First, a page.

The global hunt for yield is so vigorous that payments to protect against car losses, deaths and storms in Europe are helping to bankroll roads and utilities in the U.S.
The $3.8 trillion municipal-bond market, long the investment mainstay of U.S. residents, is seeing demand from European insurance companies drawn to higher yields and ratings than they can find closer to home. It’s boosting the liquidity of a market where U.S. states and local governments raise money. And it’s also providing a new source of business to asset managers.
“It’s been very robust demand,” said Ben Barber, head of municipals at Goldman Sachs Asset Management, which manages about $52 billion of the securities. “We’re seeing brand new entrants into the market that are coming to institutional investors like us.”
The interest from corporations such as Germany’s Munich Re underscores the changing landscape in the municipal market, which is so U.S. focused that radio commercials for New York commuters tout local bonds. By the end of September, foreign buyers had increased their holdings of the securities to about $104 billion, more than double what they held a decade earlier, federal data show.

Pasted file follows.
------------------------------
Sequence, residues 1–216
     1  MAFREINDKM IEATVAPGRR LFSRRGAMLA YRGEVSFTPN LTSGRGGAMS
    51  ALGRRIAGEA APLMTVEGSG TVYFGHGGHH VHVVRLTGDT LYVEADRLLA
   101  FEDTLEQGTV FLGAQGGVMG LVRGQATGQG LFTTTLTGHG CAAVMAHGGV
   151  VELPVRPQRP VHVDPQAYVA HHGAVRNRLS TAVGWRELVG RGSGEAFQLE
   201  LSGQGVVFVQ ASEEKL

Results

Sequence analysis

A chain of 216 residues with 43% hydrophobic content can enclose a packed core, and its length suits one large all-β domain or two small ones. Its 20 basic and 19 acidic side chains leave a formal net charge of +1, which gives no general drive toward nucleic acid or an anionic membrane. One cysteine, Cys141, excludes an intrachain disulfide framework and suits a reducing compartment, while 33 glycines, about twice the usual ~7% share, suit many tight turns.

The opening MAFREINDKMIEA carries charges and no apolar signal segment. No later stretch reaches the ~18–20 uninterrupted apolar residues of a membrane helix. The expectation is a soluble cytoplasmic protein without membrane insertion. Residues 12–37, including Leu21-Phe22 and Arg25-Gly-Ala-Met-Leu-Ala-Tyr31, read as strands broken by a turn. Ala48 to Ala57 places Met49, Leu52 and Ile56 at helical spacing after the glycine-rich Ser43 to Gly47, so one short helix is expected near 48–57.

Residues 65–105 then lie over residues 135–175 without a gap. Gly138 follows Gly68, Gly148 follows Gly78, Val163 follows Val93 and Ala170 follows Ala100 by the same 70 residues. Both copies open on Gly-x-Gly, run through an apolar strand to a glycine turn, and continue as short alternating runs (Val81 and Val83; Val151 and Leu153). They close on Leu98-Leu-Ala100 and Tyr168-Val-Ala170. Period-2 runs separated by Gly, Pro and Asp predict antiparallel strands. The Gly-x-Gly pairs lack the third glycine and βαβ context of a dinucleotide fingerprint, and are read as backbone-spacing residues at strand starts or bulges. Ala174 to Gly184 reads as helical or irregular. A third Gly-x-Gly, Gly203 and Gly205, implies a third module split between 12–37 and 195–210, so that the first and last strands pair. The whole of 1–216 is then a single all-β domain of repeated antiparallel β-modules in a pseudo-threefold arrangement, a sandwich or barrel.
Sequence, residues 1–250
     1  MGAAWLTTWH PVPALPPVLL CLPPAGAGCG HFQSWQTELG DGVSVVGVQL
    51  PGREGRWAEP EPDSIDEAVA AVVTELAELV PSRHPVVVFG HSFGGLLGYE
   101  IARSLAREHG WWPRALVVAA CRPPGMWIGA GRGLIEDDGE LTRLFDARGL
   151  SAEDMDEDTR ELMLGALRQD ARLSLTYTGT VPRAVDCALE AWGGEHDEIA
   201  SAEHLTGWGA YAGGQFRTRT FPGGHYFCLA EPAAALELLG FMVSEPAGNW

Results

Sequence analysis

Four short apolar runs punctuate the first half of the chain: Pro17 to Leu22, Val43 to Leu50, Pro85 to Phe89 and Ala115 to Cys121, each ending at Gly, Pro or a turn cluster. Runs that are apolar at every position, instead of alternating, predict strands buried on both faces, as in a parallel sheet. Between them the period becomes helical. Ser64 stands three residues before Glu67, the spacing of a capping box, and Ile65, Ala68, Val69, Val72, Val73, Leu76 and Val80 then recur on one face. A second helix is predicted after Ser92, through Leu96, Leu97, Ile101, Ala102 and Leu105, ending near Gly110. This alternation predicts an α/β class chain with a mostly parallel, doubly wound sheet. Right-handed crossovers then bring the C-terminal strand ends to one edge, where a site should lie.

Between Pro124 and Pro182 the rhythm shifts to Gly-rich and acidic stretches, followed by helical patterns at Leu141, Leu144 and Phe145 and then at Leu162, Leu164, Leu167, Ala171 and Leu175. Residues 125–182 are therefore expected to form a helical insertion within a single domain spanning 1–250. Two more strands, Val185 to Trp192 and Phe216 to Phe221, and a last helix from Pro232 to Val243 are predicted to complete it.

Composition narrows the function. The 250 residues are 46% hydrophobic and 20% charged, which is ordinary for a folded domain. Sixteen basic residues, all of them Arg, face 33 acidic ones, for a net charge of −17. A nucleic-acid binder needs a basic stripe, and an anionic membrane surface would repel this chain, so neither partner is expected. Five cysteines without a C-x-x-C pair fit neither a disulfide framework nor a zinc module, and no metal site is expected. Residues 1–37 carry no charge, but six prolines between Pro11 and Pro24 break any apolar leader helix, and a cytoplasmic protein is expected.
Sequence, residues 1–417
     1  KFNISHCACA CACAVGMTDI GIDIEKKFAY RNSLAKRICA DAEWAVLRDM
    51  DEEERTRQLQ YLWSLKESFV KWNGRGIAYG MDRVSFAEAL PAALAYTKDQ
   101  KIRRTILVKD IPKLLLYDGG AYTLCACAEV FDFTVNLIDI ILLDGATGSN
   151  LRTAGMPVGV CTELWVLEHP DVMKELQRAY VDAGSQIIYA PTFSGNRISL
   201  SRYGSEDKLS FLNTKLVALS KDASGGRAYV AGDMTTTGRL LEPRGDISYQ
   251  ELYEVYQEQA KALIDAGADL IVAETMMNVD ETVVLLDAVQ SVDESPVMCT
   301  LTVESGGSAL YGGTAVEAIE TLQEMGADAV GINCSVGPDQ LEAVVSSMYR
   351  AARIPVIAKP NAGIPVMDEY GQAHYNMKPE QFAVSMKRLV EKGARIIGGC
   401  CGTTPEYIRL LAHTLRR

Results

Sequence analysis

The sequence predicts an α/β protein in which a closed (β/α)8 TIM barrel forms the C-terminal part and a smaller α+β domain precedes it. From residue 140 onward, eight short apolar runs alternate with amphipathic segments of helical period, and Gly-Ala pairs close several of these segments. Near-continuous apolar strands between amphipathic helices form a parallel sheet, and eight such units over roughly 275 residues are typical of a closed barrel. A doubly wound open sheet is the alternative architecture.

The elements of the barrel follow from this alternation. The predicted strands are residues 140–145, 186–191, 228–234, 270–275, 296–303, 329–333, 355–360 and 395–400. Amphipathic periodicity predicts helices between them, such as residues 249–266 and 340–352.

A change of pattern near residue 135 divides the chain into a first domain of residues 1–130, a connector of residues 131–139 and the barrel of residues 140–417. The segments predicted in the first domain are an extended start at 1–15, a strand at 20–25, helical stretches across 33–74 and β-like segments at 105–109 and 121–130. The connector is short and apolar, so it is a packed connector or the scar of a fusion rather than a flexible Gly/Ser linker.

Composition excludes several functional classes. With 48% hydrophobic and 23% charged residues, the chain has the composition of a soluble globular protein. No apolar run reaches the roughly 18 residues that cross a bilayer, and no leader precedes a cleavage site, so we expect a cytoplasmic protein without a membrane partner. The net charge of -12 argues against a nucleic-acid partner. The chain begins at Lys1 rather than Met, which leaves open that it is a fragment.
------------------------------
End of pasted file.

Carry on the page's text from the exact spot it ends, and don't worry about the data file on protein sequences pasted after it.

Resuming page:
Municipals once held little allure overseas because federal tax breaks depress the yields. But in the era of low and even negative yields on global bonds, foreigners have taken a closer look, particularly in the taxable sector, where rates are higher.
European insurers in particular are drawn to the higher quality of municipals compared with corporate debt. Sixty-seven% of the Bloomberg Barclays Municipal Index is rated AA or higher, while just 11% of the comparable U.S. investment-grade corporate bond index is, according to an analysis by Matt Caggiano, who helps oversee more than $9 billion of insurers’ municipal holdings at Deutsche Bank AG.
And for the higher credit quality, foreign investors are getting more in return, even considering currency fluctuations, according to an analysis from Bloomberg Intelligence.